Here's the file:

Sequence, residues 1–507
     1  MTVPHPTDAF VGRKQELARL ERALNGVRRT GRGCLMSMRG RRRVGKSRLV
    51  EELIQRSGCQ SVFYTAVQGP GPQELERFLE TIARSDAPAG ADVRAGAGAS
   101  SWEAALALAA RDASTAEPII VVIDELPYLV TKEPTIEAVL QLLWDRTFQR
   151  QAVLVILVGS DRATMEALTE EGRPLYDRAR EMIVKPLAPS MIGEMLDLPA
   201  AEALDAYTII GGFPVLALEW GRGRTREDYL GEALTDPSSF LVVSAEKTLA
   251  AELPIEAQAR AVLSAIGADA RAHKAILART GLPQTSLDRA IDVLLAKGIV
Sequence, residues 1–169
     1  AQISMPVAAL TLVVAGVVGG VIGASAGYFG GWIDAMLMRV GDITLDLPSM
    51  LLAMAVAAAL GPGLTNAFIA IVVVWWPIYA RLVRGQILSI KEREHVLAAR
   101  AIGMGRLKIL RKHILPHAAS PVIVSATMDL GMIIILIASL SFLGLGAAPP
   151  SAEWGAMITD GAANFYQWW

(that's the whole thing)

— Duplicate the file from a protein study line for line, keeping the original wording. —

Sequence, residues 1–507
     1  MTVPHPTDAF VGRKQELARL ERALNGVRRT GRGCLMSMRG RRRVGKSRLV
    51  EELIQRSGCQ SVFYTAVQGP GPQELERFLE TIARSDAPAG ADVRAGAGAS
   101  SWEAALALAA RDASTAEPII VVIDELPYLV TKEPTIEAVL QLLWDRTFQR
   151  QAVLVILVGS DRATMEALTE EGRPLYDRAR EMIVKPLAPS MIGEMLDLPA
   201  AEALDAYTII GGFPVLALEW GRGRTREDYL GEALTDPSSF LVVSAEKTLA
   251  AELPIEAQAR AVLSAIGADA RAHKAILART GLPQTSLDRA IDVLLAKGIV
Sequence, residues 1–169
     1  AQISMPVAAL TLVVAGVVGG VIGASAGYFG GWIDAMLMRV GDITLDLPSM
    51  LLAMAVAAAL GPGLTNAFIA IVVVWWPIYA RLVRGQILSI KEREHVLAAR
   101  AIGMGRLKIL RKHILPHAAS PVIVSATMDL GMIIILIASL SFLGLGAAPP
   151  SAEWGAMITD GAANFYQWW